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Czech Cancer Care in Numbers: a brief summary

A compact description of cancer care in the Czech Republic was presented at the ESMO 2014 Congress in Madrid, Spain. The Czech Society for Oncology and the Institute of Biostatistics and Analyses of the Masaryk University worked together to highlight the alarmingly growing cancer burden of the Czech population, to explain the current National Cancer Control Programme and ongoing cancer screening programmes, and to comment the latest survival rates of Czech cancer patients.

Cancer epidemiology in the Czech Republic

Cancer care in the Czech Republic has been under considerable strain due to the growing incidence and prevalence rates of most cancer types. Each year in the Czech Republic (total population over 10.5 million), more than 77,000 people are diagnosed with cancer and nearly 28,000 die from it. In 2011, there were more than 475,000 people alive in the country, who have received a diagnosis of cancer at some point in the past [1]. The health care load is further aggravated by the high proportion of cancer cases diagnosed in late stages.

The cancer load of the Czech population ranks among the highest worldwide [2] and has been growing continuously. Czech men are most frequently affected by colorectal cancer, closely followed by trachea, bronchus and lung cancer and prostate cancer. The most frequent diagnoses in Czech women are breast cancer, followed by colorectal cancer, cancer of the uterus, and trachea, bronchus and lung cancer. All these diagnoses also rank among the most frequent ones with respect to mortality rates in both men and women. High mortality rates have been also observed in pancreatic cancer, stomach cancer and ovarian cancer. Growth in cancer incidence rates can be also expected in near future, due to the demographic structure and overall ageing of the Czech population.

The Czech Society for Oncology has also developed an information system which employs data from population records, data from clinical registries and data provided by an expert panel to predict the number of cancer patients who would be probably treated in the years to come. The predictions of epidemiological benchmarks are adjusted using survival probability models, making it possible to estimate quite reliably the number of cancer patients who would probably undergo a specific stage of anticancer treatment in a given year. These estimates are done with respect to the patients' age, to the stage of malignant disease, and to the changing demographic parameters of the Czech population.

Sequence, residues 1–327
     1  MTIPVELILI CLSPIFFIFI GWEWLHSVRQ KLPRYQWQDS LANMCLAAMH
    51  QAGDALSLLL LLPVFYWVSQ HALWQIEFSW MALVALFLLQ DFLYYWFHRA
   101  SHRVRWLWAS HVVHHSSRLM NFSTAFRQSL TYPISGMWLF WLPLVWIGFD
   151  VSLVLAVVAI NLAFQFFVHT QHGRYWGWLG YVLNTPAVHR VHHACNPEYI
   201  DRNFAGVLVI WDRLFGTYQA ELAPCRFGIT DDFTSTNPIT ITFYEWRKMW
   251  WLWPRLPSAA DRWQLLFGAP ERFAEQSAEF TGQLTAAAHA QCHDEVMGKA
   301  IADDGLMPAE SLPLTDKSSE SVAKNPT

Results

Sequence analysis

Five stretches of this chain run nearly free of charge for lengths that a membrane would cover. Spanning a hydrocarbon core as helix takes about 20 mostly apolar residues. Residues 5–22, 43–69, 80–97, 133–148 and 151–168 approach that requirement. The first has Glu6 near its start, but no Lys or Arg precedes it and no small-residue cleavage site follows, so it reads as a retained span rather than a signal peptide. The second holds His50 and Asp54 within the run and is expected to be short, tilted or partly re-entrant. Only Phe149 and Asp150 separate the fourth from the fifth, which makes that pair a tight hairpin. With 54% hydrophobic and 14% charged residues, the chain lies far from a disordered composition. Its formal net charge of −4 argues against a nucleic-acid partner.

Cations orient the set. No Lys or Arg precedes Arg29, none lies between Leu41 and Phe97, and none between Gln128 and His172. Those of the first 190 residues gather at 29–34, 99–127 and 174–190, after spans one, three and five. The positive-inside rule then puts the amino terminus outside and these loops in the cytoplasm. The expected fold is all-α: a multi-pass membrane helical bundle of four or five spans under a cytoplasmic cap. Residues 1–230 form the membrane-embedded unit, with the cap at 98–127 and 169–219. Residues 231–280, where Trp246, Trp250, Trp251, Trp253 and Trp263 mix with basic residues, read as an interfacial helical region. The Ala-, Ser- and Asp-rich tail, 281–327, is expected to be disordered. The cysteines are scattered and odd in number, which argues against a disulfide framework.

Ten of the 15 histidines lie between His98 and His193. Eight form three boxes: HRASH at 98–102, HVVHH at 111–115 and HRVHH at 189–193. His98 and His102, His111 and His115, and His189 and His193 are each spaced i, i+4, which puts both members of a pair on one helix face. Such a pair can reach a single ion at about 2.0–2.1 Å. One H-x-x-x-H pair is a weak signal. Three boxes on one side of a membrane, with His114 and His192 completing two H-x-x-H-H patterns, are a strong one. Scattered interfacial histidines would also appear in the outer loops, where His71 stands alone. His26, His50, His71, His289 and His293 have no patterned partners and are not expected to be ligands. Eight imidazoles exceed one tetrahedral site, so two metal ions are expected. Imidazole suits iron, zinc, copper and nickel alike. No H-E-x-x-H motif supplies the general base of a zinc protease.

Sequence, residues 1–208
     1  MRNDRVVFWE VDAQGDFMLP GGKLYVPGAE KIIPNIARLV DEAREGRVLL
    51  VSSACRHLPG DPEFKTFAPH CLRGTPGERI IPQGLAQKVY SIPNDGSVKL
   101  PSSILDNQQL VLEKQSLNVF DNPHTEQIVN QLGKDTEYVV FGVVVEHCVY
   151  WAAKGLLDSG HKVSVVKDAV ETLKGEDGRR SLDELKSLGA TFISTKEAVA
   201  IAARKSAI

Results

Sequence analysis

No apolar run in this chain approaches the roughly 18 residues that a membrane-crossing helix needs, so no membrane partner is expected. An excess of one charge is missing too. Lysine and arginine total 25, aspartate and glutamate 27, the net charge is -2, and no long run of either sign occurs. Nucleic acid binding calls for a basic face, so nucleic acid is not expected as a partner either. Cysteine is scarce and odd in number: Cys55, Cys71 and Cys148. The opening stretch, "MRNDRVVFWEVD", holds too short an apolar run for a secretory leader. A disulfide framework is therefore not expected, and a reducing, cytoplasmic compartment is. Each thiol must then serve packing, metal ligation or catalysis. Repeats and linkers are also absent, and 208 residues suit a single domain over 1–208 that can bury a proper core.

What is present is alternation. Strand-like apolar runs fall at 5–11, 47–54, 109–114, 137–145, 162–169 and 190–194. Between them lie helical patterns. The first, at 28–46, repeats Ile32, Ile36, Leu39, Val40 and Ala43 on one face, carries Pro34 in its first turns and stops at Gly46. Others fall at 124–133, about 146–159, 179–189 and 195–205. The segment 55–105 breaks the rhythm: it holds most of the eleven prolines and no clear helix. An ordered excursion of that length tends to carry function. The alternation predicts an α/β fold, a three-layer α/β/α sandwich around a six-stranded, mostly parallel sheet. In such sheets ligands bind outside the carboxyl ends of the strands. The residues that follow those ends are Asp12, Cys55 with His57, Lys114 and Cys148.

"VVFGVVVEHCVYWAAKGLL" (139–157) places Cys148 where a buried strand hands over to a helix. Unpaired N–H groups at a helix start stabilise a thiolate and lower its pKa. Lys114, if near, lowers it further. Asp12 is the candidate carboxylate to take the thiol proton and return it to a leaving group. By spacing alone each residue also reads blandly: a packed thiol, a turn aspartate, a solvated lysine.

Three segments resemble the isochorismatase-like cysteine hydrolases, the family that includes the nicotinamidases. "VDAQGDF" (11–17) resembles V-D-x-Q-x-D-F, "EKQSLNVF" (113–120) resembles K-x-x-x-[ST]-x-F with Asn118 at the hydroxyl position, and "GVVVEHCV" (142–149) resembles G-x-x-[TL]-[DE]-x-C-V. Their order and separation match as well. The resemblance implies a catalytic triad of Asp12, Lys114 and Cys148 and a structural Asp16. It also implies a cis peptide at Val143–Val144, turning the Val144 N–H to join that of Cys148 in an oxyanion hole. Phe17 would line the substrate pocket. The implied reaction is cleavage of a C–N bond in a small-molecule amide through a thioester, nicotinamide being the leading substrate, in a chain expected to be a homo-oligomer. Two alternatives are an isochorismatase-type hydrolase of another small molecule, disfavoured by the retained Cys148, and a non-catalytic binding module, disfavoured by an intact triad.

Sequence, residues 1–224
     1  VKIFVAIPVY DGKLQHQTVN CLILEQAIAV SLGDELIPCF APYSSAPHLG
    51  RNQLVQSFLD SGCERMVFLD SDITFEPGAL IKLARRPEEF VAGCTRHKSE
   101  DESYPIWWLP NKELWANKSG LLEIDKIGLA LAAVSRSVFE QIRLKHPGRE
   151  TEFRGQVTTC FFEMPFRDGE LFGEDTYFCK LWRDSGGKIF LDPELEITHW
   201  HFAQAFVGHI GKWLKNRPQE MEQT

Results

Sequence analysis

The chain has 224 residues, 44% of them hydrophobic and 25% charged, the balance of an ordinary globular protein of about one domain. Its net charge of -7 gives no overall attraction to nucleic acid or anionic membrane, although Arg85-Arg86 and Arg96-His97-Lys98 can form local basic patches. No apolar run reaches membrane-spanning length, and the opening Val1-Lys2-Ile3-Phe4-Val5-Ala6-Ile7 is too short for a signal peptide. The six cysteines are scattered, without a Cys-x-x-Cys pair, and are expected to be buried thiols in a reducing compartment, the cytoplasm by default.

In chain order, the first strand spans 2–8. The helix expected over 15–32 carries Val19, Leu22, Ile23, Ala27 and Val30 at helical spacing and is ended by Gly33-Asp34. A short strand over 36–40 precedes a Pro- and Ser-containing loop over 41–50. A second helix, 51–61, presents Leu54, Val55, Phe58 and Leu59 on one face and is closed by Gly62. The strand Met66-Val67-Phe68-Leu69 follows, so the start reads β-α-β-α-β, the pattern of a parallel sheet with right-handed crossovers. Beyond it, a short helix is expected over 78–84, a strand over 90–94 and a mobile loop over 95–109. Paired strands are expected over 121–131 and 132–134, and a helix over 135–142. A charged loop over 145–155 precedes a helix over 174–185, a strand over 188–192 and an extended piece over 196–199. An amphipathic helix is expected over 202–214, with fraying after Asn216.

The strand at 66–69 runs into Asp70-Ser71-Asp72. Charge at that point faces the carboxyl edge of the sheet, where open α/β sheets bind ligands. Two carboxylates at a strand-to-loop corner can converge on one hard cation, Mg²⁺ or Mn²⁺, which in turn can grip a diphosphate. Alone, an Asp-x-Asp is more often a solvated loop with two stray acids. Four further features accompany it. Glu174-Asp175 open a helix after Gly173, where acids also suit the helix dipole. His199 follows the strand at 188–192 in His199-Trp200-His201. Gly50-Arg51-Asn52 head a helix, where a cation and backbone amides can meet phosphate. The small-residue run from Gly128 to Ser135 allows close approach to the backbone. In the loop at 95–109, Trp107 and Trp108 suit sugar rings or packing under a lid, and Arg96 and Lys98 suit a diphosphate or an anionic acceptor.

Figure 1: Trends of cancer (all cancer diagnoses, C00–C97) incidence, mortality, and prevalence in the Czech Republic.
%: growth index (2001–2011). Source: Czech National Cancer Registry.
Figure 2: Incidence of individual cancer diagnoses in the Czech males and females in the period 2007–2011. Source: Czech National Cancer Registry.


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Czech National Cancer Control Programme

Czech National Cancer Control Programme was created in accordance with the conditions and needs of the Czech Republic and in compliance with the conclusions of WHO Consultation on Strategies to Improve and Strengthen Cancer Control Programmes in Europe held on 25–28 November 2003 in Geneva.


  • Lowering cancer incidence and mortality.
  • Improving quality of life of cancer patients.
  • Making the best use of available resources for cancer diagnosis and treatment in the Czech Republic
  • Optimising approach to modern diagnostic and treatment methods


  • Fight against malignant tumours as a part of nationwide and regional political agenda
  • Making the fight against malignant tumours an interest of vital concern to lay and professional public
  • Emphasising importance of cancer risk factors and decreasing their effects
  • Ensuring early and effective diagnosis of cancer
  • Ensuring equity in accessibility of cancer care for all patients, including palliative care
  • Sustainability of the fight against cancer by cost control
  • Assessment and continuous evaluation of indicators, outputs and outcomes, functioning and effectiveness of NOP